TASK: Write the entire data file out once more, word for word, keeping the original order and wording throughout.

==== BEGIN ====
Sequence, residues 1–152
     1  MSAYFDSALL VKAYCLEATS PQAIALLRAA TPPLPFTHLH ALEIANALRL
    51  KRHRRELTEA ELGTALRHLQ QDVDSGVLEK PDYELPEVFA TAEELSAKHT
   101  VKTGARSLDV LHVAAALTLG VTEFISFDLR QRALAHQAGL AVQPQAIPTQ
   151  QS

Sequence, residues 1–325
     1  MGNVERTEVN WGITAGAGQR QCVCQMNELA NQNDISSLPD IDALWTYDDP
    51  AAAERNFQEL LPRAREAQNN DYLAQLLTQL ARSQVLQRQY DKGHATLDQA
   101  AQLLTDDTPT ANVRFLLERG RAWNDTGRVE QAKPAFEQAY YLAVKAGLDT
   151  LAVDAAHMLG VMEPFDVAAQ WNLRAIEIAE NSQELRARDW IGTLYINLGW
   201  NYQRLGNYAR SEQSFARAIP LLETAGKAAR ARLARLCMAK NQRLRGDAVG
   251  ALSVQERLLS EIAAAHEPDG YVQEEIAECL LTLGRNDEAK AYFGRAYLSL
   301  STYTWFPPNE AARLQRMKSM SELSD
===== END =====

Sequence, residues 1–152
     1  MSAYFDSALL VKAYCLEATS PQAIALLRAA TPPLPFTHLH ALEIANALRL
    51  KRHRRELTEA ELGTALRHLQ QDVDSGVLEK PDYELPEVFA TAEELSAKHT
   101  VKTGARSLDV LHVAAALTLG VTEFISFDLR QRALAHQAGL AVQPQAIPTQ
   151  QS

Sequence, residues 1–325
     1  MGNVERTEVN WGITAGAGQR QCVCQMNELA NQNDISSLPD IDALWTYDDP
    51  AAAERNFQEL LPRAREAQNN DYLAQLLTQL ARSQVLQRQY DKGHATLDQA
   101  AQLLTDDTPT ANVRFLLERG RAWNDTGRVE QAKPAFEQAY YLAVKAGLDT
   151  LAVDAAHMLG VMEPFDVAAQ WNLRAIEIAE NSQELRARDW IGTLYINLGW
   201  NYQRLGNYAR SEQSFARAIP LLETAGKAAR ARLARLCMAK NQRLRGDAVG
   251  ALSVQERLLS EIAAAHEPDG YVQEEIAECL LTLGRNDEAK AYFGRAYLSL
   301  STYTWFPPNE AARLQRMKSM SELSD